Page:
2nd New Zealand Divisional Artillery
A Shortage of Gunners
A Shortage of Gunners
This abundance of ammunition, however, contrasted with a shortage of gunners. No reinforcements had reached the Middle East since October 1941 and the losses of the winter campaign in Libya and the summer in Egypt, as well as the normal ‘wastage’ from sickness and other causes, had to be made up as far as possible by sending forward every available gunner from Maadi Camp and other rear areas. Wounded and sick men returned to their units, in many cases before they had fully recovered—sometimes at their own request. Even with these, the strengths of all units were well below establishment, though all but the 4th Field stated in their Field Returns that they did not consider the full establishment was really required in the desert. In almost every case there was a gap between posted strength and what was thought to be needed for the coming offensive. The following figures give some idea of the deficiencies:
|ESTABLISHMENT||POSTED STRENGTH||EXPECTED RATION STRENGTH|
|Officers||Other Ranks||Officers||Other Ranks||Officers||Other Ranks|
|14th Light Ack-Ack||32||962||27||549||28||540|
|1 Survey Troop||3||41||3||35||3||41|
The Posted Strengths are those recorded in Field Returns on a date close to the opening of the offensive. The discrepancies between them and the Ration Strengths arise mainly because the latter (which are less reliable) include attached personnel.6page 381
It would seem from these figures that the 14th Light Ack-Ack was disastrously depleted; yet it considered that five officers and six other ranks were all that were strictly needed, not the more than 400 by which it fell short of its establishment.7 The 4th Field, which was four officers and 147 other ranks below authorised strength, considered that 156 other ranks (nine above establishment) were required in the field—presumably because of the mobile role allotted in support of 9 Armoured Brigade, which might call for more liaison and administrative staff. All other units indicated that something less than the full establishment would be adequate. Even so, what they thought was barely sufficient was almost invariably greater than what they had to make do with in the event. For the gigantic labours ahead their resources of manpower were destined to be overstretched.8
The field regiments were sited so that the 5th Field could support 5 Brigade on the right of the divisional attack, the 6th Field could do likewise for 6 Brigade on the left, and the 4th Field could fire the barrage over the whole front and then follow the tanks of 9 Armoured Brigade through the minefield gaps. At the outset, with Headquarters of the 7th Anti-Tank and 14th Light Ack-Ack and 1 Survey Troop, they formed the Divisional Artillery Group under the CRA's command. The 7th Anti-Tank had 31 Battery with the armoured brigade, the 32nd with 5 Brigade, the 33rd with 6 Brigade, and the 34th with the Divisional Reserve Group. The batteries of the 14th Light Ack-Ack occupied areas close to the field regiments, ready to defend them and also the minefield gaps when these were formed. The gunners were briefed on the battle plan as a whole and their various tasks. The diary of the 14th Light Ack-Ack has the following entry for 1700 hours on 23 October: page 382 page 383 ‘From this time onwards there were definite signs that something was about to happen’. Had the signs proved wrong—and there were myriads of them—2600-odd New Zealand gunners would have been bitterly disappointed.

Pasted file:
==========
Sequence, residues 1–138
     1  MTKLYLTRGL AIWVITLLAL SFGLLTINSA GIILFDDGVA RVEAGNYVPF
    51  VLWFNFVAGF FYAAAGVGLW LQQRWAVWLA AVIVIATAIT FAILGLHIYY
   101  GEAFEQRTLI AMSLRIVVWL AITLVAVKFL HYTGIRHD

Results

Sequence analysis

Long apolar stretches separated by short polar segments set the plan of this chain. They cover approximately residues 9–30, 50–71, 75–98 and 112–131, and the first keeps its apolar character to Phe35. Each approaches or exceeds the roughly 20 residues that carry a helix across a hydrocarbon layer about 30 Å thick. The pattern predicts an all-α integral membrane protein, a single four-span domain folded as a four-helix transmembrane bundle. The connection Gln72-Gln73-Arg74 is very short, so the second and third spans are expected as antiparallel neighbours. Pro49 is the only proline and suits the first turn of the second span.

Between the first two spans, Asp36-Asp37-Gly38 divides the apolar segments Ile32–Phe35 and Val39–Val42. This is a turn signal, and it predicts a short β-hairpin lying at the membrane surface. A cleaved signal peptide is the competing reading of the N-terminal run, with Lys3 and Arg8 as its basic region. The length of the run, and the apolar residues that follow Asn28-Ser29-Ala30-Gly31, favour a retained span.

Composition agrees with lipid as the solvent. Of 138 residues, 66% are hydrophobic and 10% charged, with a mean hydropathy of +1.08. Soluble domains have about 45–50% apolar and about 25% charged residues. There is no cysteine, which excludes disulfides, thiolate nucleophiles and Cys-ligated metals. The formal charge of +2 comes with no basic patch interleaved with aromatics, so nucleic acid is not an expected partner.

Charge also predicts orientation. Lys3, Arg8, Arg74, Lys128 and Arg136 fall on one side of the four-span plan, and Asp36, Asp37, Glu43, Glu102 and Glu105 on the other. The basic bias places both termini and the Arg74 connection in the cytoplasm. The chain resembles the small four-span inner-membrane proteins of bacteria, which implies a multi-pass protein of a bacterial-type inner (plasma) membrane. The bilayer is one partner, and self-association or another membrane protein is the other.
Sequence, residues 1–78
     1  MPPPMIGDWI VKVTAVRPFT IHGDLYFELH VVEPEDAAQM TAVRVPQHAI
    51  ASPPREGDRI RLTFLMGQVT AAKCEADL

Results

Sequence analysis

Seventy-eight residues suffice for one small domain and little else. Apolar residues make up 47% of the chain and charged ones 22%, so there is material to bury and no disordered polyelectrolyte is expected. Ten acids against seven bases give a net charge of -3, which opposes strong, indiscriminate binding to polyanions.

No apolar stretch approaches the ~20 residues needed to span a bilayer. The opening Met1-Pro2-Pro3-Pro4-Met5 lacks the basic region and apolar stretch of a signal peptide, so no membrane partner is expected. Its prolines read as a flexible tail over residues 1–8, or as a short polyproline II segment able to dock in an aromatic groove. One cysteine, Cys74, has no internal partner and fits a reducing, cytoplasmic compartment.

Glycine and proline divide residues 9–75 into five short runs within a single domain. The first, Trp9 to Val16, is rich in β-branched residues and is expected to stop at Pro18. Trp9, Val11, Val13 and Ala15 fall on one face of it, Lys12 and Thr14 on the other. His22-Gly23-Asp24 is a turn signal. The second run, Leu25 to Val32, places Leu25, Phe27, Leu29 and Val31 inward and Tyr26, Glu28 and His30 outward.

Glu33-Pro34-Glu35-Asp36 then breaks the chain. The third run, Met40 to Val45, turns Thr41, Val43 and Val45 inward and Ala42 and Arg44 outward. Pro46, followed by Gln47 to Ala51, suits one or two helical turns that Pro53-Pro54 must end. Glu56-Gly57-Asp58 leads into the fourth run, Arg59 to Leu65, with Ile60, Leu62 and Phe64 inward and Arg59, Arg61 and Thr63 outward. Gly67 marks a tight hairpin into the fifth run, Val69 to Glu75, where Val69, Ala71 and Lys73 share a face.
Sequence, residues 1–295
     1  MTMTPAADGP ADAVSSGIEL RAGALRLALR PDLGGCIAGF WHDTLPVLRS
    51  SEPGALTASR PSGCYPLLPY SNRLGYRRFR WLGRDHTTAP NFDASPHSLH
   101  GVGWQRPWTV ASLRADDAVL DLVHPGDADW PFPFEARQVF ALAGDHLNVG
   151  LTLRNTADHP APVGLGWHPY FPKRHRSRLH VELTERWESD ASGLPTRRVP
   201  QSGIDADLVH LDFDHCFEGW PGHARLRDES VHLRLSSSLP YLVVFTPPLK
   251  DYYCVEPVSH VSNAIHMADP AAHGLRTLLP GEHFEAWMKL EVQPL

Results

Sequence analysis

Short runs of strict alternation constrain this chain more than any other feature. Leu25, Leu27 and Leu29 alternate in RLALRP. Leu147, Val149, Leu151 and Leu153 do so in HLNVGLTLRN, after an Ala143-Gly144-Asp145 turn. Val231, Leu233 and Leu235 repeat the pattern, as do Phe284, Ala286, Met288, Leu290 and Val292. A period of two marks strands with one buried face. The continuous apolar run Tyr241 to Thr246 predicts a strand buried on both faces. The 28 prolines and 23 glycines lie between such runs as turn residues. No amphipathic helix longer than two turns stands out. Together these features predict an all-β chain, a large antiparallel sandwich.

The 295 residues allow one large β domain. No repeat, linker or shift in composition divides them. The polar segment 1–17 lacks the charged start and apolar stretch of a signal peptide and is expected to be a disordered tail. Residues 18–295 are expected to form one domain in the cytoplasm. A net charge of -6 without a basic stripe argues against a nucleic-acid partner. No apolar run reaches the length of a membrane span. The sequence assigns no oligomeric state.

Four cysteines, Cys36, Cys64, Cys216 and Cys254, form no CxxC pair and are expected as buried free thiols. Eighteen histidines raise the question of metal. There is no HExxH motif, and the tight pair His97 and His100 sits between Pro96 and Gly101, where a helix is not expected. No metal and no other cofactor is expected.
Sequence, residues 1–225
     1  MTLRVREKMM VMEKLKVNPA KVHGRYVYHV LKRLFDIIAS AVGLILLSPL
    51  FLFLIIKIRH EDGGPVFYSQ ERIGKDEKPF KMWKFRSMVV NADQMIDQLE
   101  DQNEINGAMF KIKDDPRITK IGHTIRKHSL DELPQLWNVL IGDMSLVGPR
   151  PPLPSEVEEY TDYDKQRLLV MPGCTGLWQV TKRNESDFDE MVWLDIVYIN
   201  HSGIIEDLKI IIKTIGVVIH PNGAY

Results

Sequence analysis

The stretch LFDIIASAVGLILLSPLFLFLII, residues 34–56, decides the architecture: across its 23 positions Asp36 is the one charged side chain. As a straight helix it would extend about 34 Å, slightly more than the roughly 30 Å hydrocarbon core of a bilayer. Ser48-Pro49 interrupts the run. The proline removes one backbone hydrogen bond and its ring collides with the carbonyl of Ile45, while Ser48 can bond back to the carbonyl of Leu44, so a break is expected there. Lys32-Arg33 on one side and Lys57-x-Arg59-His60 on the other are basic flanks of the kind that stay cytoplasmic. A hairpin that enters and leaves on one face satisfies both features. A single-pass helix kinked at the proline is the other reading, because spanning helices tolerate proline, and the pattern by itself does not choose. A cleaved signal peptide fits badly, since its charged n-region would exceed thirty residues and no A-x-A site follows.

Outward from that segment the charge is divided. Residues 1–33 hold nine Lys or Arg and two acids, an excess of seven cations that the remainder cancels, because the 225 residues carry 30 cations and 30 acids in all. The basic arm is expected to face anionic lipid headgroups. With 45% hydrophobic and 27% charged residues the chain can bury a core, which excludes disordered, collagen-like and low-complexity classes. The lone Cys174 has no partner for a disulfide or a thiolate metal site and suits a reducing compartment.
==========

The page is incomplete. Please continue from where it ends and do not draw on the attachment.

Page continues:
6 The attachments included for field regiments an officer from each of the Signals, Ordnance and Medical Corps and the Chaplains Department (two Ordnance officers, an RMO and a padre for the 7th Anti-Tank and, in the case of the 14th Light Ack-Ack, only an RMO and a padre), and various Signals and Ordnance other ranks: 45 in the 4th Field, 46 in the 5th, and 49 in the 6th (the last including 34 Signals personnel, 14 Ordnance, and one man from HQ NZA); the 7th Anti-Tank had 15 Ordnance other ranks attached.
7 The 14th Light Ack-Ack, unlike the other NZA units, consistently kept separate war diaries for RHQ and each battery. The 41st Battery, which was 67 other ranks short of establishment, thought six more were needed; the other two batteries, the 42nd and 43rd, which were 49 and 50 short respectively, felt they could make do with what they had. This was largely because the cumbersome predictors and their crews had been dispensed with.
8 The manpower shortage affected the manning of guns only in the 7th Anti-Tank. F Troop of 32 Battery and N Troop of the 34th had been so hard hit by battle casualties and sickness—mainly jaundice—that they had to be temporarily disbanded, their remaining members going to reinforce other troops until their troops could be re-formed. These two batteries therefore entered the battle with only three troops each. For the gunners thus distributed among other troops it was as if their own families had gone on holiday and they had to live with relations—tolerable, even agreeable, for a day or two, but they looked forward with increasing eagerness to the re-establishment of the troop that was their family and their home.